West Coast culture nurtures new ideas
Highlights from Scott Kirsner’s Innovation Economy blog. For the full blog, visi t www.boston.com/innovation .
The lure of the West Coast.
When I met Bill Clerico and Rich Aberman in 2008, the two recent Boston College graduates were just starting to talk to local investors about WePay, their online payment start-up. They had an idea - help groups of people make payment easier for collective projects like renting a ski house or throwing a bachelorette party - and they were working to build a prototype. I wrote about them as part of a column about how hard it is to change the way we pay for things, using new technologies like mobile phones.
Fourteen months later, Clerico and Aberman are living in San Jose, Calif., and they’ve just raised $1.65 million from Menlo Park-based August Capital and a group of angel investors including Eric Dunn, a former chief technology officer at Intuit Inc., the maker of Quicken personal finance software. Earlier this month, they moved into their first office space on University Avenue, the main drag in Palo Alto.
The former tenant? Another company started by Massachusetts emigres: Facebook.
I had coffee with Clerico and Aberman last month to catch up. They were in Boston over the Thanksgiving holiday, mainly to recruit a few Bostonians to help them build the company. (They were successful, hiring two software developers who are heading west. “There’s great talent in Boston,’’ Aberman said. “And you’re not competing against as many sexy companies as you are in the Valley.’’)
Clerico, who helped start the business plan competition at Boston College, said they had met with more than a dozen venture capital firms and angel investors around Boston. “They told us we were too early-stage, mostly,’’ he said. “They pointed out that we hadn’t yet nailed down the cost of customer acquisition, which was true.’’
The two applied to various entrepreneurship programs earlier this year, including the new TechStars Boston boot camp, and Y Combinator, a program once based in Cambridge and Silicon Valley that now operates year-round in the Valley. Y Combinator accepted them into its summer program; TechStars did not. Last May, they drove west and rented a house in San Jose. They shared it with three other teams that had been chosen by Y Combinator.
Over the summer, Y Combinator gave them the chance to hear from vaunted Valley entrepreneurs like Max Levchin, a founder of PayPal, and LinkedIn cofounder Reid Hoffman.
They opened the WePay site to a small number of beta users. In August, they took part in Y Combinator’s Demo Day, presenting the technology and business plan to investors like Ron Conway (a prolific angel investor who put early money into Google), tech executives like Bradley Horowitz of Google, and representatives of Facebook’s in-house investment fund. They plan to open the site to all comers early in 2010.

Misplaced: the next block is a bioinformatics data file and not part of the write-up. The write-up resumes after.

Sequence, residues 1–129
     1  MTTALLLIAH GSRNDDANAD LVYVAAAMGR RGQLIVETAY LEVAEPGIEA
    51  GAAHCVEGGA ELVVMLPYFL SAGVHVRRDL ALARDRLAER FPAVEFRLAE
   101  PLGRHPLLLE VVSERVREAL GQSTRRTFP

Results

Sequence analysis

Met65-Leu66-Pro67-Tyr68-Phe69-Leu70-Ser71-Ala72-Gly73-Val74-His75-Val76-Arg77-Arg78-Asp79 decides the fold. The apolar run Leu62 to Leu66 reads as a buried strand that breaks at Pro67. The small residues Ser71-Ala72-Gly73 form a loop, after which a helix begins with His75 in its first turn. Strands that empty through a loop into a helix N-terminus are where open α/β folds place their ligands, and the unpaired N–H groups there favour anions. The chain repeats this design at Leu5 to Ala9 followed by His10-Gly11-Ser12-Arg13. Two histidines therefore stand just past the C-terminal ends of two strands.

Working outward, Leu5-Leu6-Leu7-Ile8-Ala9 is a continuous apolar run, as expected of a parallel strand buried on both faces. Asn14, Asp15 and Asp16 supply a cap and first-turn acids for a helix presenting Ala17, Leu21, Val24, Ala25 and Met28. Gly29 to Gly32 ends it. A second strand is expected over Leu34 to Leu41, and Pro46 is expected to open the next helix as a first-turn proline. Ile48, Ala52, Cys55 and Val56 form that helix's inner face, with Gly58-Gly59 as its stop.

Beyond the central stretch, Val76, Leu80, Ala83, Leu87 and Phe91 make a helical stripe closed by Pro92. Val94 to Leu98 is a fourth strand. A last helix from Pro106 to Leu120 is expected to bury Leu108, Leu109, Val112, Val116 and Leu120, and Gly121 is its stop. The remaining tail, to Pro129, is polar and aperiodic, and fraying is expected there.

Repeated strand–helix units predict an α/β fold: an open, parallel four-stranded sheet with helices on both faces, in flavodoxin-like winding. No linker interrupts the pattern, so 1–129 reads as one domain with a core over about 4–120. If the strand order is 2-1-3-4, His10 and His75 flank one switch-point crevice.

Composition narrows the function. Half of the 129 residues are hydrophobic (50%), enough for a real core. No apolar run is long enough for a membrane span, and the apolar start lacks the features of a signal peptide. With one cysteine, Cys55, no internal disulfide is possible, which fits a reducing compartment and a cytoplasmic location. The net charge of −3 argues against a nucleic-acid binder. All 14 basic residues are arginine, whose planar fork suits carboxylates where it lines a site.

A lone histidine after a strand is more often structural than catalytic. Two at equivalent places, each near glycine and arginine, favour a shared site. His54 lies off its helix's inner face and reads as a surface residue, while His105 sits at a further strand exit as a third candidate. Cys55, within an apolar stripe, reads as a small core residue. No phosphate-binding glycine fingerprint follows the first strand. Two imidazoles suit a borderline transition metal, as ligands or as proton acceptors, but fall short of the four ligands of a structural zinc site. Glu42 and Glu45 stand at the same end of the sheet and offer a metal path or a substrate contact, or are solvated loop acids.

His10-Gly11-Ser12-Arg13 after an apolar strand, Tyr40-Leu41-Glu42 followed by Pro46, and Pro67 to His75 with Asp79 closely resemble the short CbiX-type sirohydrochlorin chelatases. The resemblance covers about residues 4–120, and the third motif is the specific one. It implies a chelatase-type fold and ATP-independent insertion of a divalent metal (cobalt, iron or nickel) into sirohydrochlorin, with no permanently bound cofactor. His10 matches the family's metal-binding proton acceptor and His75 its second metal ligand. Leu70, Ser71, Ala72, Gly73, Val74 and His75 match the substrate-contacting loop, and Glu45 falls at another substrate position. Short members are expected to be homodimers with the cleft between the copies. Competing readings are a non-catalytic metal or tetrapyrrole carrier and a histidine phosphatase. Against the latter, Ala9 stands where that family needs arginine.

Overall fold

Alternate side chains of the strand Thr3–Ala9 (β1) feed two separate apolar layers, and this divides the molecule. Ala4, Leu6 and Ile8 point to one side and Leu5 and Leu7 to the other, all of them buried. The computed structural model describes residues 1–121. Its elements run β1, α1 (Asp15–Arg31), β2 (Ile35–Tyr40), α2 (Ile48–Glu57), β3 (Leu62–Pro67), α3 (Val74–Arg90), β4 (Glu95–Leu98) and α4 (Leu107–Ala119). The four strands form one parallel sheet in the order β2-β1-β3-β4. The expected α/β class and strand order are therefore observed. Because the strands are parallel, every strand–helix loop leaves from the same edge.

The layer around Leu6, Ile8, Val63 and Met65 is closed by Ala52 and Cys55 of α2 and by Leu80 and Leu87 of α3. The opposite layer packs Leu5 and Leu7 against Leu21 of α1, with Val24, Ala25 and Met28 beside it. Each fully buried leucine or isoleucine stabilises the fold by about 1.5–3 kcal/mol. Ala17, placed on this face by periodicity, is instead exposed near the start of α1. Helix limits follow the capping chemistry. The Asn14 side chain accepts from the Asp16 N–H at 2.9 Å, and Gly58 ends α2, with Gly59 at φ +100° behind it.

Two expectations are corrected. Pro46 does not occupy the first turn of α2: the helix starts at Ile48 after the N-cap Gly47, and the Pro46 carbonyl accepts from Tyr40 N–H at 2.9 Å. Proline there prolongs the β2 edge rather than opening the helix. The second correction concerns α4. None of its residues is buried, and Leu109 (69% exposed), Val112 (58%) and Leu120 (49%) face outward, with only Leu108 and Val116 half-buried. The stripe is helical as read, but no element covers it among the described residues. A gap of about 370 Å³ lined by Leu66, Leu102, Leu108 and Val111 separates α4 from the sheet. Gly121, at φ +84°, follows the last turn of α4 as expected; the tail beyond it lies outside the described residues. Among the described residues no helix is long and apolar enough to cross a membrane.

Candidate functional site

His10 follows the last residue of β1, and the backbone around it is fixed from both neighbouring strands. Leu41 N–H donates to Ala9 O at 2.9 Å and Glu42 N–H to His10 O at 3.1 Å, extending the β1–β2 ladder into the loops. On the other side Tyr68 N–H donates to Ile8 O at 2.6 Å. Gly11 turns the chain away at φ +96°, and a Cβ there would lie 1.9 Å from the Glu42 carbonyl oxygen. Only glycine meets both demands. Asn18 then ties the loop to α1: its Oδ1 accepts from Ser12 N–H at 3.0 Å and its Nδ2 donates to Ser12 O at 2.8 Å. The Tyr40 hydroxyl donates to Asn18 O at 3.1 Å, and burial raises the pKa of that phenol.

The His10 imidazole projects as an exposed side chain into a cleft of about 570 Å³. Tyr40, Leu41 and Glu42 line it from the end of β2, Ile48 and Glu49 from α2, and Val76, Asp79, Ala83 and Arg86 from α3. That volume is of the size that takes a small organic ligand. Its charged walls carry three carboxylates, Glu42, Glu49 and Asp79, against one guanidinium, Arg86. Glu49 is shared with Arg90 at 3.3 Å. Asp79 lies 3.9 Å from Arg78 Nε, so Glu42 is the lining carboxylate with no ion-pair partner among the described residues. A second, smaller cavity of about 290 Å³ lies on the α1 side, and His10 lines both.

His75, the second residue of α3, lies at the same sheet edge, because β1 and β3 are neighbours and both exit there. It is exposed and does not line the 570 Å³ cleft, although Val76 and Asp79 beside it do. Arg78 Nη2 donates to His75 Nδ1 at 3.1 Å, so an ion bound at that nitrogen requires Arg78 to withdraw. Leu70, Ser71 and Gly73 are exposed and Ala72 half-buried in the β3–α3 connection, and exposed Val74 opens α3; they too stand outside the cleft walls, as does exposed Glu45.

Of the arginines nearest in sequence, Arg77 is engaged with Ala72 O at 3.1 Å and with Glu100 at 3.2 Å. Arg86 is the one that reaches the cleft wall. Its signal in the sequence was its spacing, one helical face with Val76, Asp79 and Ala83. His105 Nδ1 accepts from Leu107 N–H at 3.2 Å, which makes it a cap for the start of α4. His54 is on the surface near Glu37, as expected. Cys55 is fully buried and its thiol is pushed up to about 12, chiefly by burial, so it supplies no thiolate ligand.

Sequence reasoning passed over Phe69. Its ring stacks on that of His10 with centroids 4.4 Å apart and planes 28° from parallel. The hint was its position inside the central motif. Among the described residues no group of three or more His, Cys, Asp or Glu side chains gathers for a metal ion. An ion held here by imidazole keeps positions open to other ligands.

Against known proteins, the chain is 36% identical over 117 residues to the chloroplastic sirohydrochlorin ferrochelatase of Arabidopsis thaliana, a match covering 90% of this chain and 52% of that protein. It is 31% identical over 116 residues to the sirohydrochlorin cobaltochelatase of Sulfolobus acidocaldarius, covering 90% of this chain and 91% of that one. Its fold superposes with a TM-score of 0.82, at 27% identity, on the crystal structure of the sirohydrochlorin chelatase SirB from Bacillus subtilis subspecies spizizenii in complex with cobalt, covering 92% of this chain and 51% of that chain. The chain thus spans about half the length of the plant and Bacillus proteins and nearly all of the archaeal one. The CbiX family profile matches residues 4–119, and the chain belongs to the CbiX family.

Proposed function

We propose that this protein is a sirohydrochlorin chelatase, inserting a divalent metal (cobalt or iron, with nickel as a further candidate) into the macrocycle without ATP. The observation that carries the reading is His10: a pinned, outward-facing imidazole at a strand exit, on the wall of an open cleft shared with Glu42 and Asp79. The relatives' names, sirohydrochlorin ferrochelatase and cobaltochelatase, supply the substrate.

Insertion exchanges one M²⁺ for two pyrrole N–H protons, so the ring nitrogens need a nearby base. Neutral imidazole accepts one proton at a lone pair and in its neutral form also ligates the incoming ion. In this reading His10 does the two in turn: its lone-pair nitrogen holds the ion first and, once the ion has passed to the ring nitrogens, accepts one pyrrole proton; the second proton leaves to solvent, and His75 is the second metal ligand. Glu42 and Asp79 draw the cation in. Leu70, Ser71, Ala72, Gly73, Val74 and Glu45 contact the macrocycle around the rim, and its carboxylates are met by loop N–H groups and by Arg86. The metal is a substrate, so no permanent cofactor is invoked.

There’s a clear cultural difference between Boston and the Valley, Clerico told me over coffee:
“It’s accepted as normal to have started a company - you feel like a normal member of society. People ask you things like what your pre-money valuation was. Here, I think they wonder if you’re involved in some kind of pyramid scheme.’’
“All of my friends in California are start-up founders, and here [in Boston] my friends are investment bankers, accountants, and lawyers,’’ said Aberman, who chose the entrepreneurial path over law school. Both of them were raised on the East Coast: Aberman in Florida, and Clerico in New Jersey.
But what lured the pair to the Bay Area was acceptance into the Y Combinator program, which is run by a group of now-former Bostonians, including Paul Graham and Jessica Livingston. (Clerico said that if they had been accepted by the TechStars program, they would still have chosen the more-established Y Combinator.) And what is keeping them there, much like Facebook before them, is the fact that they found investors willing to put money into a still-nascent idea targeting consumers.
It’s too early to tell whether WePay will be a hit. But the fledgling company’s move west shows that California’s lure is still powerful, especially for first-time founders.
Overcaffeinated undergrads? I stopped by Olin College last week to see what was shaking at the Olin Expo, a showcase for student projects held at the end of each semester.
Yes, there were sleekly designed bikes, robotic plush toys, Baja off-road vehicles, and augmented reality systems.
But I was most struck by a trio of student groups working on projects related to coffee and tea. Is this small engineering school in Needham turning into Starbucks U?
Chris Fitzhugh was showing off an electric tea kettle - slim and sans handle - that looked like a bottle of Voss water. Dan Greeley had examined the environmental impact of drip coffee makers, finding that they waste lots of energy by overheating the water, then cooling it.
And Ben Salinas, a senior at Olin, was showing off the Luminaire Bravo 1: a single-cup coffee maker designed for the most discriminating of java swillers. The coffee maker lets the barista control the temperature of the water, the rate at which water flows into the filter, and the brewing time - some baristas, Salinas explained, like to add water to the grounds, stop, and then start again. Coffee beans from different countries that are roasted in different ways need to be brewed differently, Salinas said.
The Luminaire prototype is already in use at Barismo in East Arlington, and Salinas said he’s planning to have a few more prototypes in the field by next year.
Why all the research-and-development interest in coffee and tea?
The materials science professor who helped the students organize the expo, Debbie Chachra, said Olin students tend to dive into topics near and dear to their hearts.